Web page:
Nile water; politics and religion

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Wed, 2022-02-16
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Photo: Grand Ethiopian Renaissance Dam, Jasper Haesendonckx


Both Egypt and Ethiopia are deeply religious countries and thus it helps political authorities if they are able to canvas support of religious authorities.  The link between politics and religion is millennia old and well described in Peter Frankopan’s The Silk Roads: A New History of the World (2015). Alexander the Great and his entourage believed he was the son of God. Several Roman emperors who were believed to be worthy could be voted by the Senate into a state of divinity. Early Christians rejected this, but the apostle Paul writes in his letter to the Romans, chapter 13, "Let every person be subject to the governing authorities; for there is no authority except from God, and those authorities that exist have been instituted by God.” The early church grew in numbers and emperor Constantine (reigned 306-337 AD) found this teaching beneficial to strengthen his own rule. He ended the persecution of Christians and made himself, with support of the church, God’s representative on earth.


Throughout the centuries rulers canvassed religious leaders to make them adopt beliefs that would suit their political agendas. Religious leaders in Judaism, Christianity and Islam became bound to their religious scriptures but these scriptures could be explained in different ways. Dutch Arabist Eildert Mulder calls the Muslim theologians of Egypt and Ethiopia in this context “academic acrobats,” (Trouw, February 4, 2022). They not only need to know their scriptures but also need to provide guidance in a host of issues such as rivers and dams.


The Azhar, Egypt’s prestigious institute of Islamic learning, recently published a book about the Nile. Egyptians call Egypt ‘a gift of the Nile.’ Mulder states that one can also describe the Nile as a gift from Ethiopia since two-thirds of all Nile Water comes from Ethiopia, just as the clay before the construction of the Assuan Highdam made Egypt such a fertile country.


Both Sudan and Egypt are strongly dependent on the water of the Nile and thus are deeply concerned about Ethiopia building their Grand Ethiopian Renaissance Dam. During the reign of Mubārak the Ethiopians were deterred of building the dam but the Egyptian revolution or uprising of 2011 forced the Egyptian army to give all priority to domestic control. Ethiopians saw a chance to start building the dam. By the time president Muḥammad Mursī was removed in 2013 Egypt was no longer in a position to stop the dam from being built (see also the comments of an Egyptian Ambassador, Arab-West Report Paper 78, December 2020).


Negotiations took place but did not result in an agreement between both countries and thus they fight each other with threats, taunting, scoffing and theology. One sees a remarkable unity between Muslims and Christians in Egypt and Muslims and Christians in Ethiopia in relation to their governments’ water policies, Mulder notes. Ethiopia suffers great draughts and wants to make a better use of its water, but this automatically means less water for Sudan and Egypt.


The shaykh al-Azhar claims that, according to Islamic law, the water of a river is not the property of the land of origin. The Mufti of Ethiopia, their highest Islamic authority, delved into a deep past and praised the Christian Ethiopian king in the days of the Prophet Muḥammad who provided asylum to Muslim refugees from the first hours. And thus, he concluded, Egypt should not fear Ethiopia.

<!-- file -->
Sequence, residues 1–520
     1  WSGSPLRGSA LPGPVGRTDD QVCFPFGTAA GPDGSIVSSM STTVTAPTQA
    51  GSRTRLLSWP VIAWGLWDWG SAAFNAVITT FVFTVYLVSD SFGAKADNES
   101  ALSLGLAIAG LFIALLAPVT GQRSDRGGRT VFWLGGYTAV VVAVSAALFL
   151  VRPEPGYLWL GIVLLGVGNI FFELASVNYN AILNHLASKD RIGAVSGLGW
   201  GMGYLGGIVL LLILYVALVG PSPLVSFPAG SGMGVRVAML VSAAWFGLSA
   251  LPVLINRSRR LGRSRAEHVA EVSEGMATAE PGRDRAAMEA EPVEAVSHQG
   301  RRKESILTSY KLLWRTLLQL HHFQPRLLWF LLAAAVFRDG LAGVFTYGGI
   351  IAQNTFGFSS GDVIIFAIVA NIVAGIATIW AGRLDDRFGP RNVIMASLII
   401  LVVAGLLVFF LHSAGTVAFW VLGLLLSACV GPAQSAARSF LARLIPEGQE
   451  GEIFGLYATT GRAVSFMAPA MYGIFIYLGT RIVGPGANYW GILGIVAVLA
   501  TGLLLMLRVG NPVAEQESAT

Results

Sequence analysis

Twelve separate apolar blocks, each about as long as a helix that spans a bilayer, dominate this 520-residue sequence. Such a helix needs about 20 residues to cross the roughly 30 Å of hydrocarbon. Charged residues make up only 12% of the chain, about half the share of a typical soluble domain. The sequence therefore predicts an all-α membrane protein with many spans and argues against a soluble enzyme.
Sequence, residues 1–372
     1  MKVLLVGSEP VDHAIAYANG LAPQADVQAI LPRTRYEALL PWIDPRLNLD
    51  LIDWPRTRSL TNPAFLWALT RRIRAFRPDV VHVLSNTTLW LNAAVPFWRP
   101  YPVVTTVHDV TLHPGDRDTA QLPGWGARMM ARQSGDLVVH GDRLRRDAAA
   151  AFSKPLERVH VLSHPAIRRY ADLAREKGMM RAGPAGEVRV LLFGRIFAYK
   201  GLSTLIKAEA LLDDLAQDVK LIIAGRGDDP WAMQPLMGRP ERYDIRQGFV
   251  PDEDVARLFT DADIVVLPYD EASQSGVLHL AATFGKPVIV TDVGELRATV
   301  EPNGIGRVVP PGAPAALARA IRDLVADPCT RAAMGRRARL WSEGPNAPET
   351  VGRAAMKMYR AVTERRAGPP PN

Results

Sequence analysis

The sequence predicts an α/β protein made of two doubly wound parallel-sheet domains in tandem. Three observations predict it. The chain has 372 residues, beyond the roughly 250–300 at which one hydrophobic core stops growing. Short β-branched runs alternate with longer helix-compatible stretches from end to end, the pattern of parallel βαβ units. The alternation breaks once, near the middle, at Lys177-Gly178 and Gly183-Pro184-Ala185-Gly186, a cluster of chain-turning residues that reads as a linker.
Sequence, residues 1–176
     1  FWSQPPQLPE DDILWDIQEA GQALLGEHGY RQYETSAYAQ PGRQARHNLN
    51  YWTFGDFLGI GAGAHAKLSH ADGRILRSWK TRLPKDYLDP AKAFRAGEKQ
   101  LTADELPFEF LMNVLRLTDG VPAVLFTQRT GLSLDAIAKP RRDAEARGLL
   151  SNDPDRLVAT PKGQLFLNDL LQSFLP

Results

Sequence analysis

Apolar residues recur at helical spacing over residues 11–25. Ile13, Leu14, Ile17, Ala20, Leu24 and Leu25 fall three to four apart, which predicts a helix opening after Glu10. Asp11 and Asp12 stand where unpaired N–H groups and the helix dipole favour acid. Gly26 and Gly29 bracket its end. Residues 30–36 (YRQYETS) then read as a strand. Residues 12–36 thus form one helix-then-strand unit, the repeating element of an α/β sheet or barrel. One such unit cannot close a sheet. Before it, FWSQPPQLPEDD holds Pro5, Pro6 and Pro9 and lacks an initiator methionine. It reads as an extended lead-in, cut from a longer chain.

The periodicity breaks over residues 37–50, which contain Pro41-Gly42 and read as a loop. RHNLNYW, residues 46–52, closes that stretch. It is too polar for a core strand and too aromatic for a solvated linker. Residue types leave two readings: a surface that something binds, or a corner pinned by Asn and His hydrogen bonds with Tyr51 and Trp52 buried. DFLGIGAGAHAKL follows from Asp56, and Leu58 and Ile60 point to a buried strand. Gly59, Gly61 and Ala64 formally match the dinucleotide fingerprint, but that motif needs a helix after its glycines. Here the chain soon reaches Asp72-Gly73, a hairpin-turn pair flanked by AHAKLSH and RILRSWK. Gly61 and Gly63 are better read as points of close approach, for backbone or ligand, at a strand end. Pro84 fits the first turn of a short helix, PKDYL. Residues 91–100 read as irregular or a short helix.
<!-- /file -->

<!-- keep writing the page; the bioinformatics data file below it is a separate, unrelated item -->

Azhar fatwa expert Abbas Shuman [ʿAbbās Shūmān] answered the Ethiopian Mufti with a reference to Ethiopian general Abraha who attacked the Kaaba in Mecca in the year Prophet Muḥammad was born. He failed because birds bombarded his army with pebbles. Ali Gumma [ʿAlī Jumʿa] focused in his comments on Ethiopia’s policy to starve the rebellious region of Tigray and starvation is also for Egypt a real possibility if Ethiopia will substantially reduce the flow of Nile water to Egypt.


Mulder suspects that also arrogance is playing a role. The reputation of the Azhar in the Muslim world is far greater than that of the Ethiopian Mufti. This also applies to Christians. The Ethiopian Orthodox Church, also known as the Tewahedo Church, was formed after Coptic Orthodox missionary activities in the 4th century AD and was considered a daughter church of the Egyptian church until 1959. Emperor Haile Selassie (ruling between 1930 and 1974) played a prominent role in improved education for the Ethiopian clergy which was a major step towards making the Ethiopian church independent from the Egyptian church. The two churches reached an agreement on 13 July 1948, that led to autocephaly for the Ethiopian Orthodox Tewahedo Church. In 1959 Pope Cyril VI of Alexandria crowned Basilios, in the presence of Emperor Haile Selassie, as the first Patriarch of Ethiopia. From this moment the Ethiopian Orthodox Patriarch could consecrate his own bishops and was de-facto independent.


Just as Muslims are divided along the lines of nationality so are Christians. Pope Tawadros II [Tawāḍrūs], head of the Coptic Orthodox Church supports Egypt’s struggle for water and so does his counterpart in Ethiopia support his government. Ethiopian and Egyptian Muslim and Christian leaders use theological arguments to support the stances of their respective political leaders but ultimately all realize it is not theology but overpopulation that makes the abundance of millennia of Nile water insufficient for today. In the past Ethiopia suffered of periodic draughts. Egypt is now turning to its gigantic fossil water reserves, but this will only postpone the draughts that Egypt can expect once the water supplies will turn to be insufficient.



February 16, 2022


Cornelis Hulsman

Editor-in-Chief Arab-West Report